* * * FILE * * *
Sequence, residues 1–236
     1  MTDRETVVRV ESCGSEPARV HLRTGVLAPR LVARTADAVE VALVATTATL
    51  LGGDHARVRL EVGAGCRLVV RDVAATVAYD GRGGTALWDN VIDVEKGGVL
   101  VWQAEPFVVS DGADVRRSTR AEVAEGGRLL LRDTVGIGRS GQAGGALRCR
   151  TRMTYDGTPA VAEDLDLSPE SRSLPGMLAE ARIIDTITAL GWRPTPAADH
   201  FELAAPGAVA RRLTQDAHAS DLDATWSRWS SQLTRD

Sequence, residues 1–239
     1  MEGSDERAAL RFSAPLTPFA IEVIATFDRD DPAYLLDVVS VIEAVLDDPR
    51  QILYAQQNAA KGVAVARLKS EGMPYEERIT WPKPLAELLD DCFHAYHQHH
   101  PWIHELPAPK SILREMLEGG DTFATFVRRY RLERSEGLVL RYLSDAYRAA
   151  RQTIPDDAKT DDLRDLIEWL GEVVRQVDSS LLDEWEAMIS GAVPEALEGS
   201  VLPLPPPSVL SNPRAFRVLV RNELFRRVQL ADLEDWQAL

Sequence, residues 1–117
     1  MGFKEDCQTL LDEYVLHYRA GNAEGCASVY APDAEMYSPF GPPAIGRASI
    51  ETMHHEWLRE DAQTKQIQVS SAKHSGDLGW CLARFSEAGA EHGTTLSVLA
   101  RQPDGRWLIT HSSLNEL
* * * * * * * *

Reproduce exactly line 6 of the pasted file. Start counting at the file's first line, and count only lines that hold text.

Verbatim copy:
   201  FELAAPGAVA RRLTQDAHAS DLDATWSRWS SQLTRD